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6 votes

Re-articulate a sound repeated after a maqaf?

There is some discussion about the matter in Berakhot 15b, relating to the precise reading of the Shema and it's subsequent sections. The phrase בְּכׇל־לְבָבְךָ֥ is cited as an example of where one is ...
Argon's user avatar
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2 votes

Binyan identification in Ibn Ezra on Vayikra 18:3

הרגיל also has an intransitive meaning, "to be habituated." In a construction of הרגיל + infinitive I would translate it as an adverb (ירגיל ללכת = "habitually go"). There are some ...
b a's user avatar
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2 votes

Kamatz Katan Question

There is no Kamats-kattan. In Tanakh, according to the vowel system we use today, stressed syllables never have a Kametz-kattan.
QwertyCTRL.'s user avatar
1 vote

Grammatical question related to SHEVA

I'm sure this has been hashed out before here already, and many of our users here are far superior grammarians, but ... here goes. We avoid starting a sentence with a double sh'va. Because to do so ...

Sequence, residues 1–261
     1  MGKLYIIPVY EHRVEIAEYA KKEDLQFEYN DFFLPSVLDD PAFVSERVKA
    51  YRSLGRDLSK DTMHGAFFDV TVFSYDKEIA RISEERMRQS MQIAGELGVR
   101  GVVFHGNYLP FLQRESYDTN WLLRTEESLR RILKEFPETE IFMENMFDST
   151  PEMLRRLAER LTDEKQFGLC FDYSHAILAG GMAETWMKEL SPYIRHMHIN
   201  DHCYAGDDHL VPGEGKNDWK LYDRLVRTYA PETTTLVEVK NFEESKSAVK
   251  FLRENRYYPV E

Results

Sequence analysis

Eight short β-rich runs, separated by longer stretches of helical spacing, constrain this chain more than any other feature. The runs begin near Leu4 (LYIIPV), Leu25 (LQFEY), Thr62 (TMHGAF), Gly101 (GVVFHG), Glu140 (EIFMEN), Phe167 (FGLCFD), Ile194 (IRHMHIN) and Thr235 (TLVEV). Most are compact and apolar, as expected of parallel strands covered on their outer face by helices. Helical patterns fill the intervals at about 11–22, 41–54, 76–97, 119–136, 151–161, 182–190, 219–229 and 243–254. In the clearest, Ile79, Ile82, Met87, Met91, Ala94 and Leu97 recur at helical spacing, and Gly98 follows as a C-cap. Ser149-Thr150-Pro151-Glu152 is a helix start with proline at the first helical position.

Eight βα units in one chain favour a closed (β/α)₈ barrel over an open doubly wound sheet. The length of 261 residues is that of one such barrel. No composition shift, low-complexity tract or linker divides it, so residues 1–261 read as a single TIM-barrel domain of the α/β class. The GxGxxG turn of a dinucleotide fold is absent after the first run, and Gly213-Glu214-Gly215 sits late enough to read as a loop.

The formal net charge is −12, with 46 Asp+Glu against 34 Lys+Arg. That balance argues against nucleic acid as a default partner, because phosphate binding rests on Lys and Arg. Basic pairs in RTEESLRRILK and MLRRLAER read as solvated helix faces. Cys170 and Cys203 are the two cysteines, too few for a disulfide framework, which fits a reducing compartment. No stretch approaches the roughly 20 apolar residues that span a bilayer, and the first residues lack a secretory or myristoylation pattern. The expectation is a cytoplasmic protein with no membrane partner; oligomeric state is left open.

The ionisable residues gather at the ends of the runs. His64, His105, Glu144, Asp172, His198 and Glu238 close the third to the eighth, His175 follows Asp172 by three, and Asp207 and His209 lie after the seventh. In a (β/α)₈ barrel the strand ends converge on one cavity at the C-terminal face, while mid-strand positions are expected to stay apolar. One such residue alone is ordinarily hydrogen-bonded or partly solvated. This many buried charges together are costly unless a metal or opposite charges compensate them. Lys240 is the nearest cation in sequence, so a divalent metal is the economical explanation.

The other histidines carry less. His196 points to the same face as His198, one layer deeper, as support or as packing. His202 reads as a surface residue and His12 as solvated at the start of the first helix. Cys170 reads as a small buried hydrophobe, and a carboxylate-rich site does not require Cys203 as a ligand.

Shalom's user avatar
  • 133k
1 vote

Vocalization of תצפה in נשמת כל-חי

The שערי תשובה on או"ח רפא אות א writes that anyone who says תְצַפּה is mistaken, and one must say תִצְפּה. However, the אבודרהם brings 2 פסוקים, each one supporting each version.
Imanonov's user avatar
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1 vote

Re-articulate a sound repeated after a maqaf?

From what I learned from my Aramaic speaking Torah teacher. In this instance you repeat the sound. The maqaf serves to indicate these words grammatically should be taken as one word in terms of ...
Aaron's user avatar
  • 11.1k
1 vote

What are the rules for sh'va na?

I want to simplify this whole thing for you: Shva is na at the beginning of a syllable. That’s pretty much it. Here are a some small notes, not so much “rules”: If an identical letter follows a Shva ...
QwertyCTRL.'s user avatar

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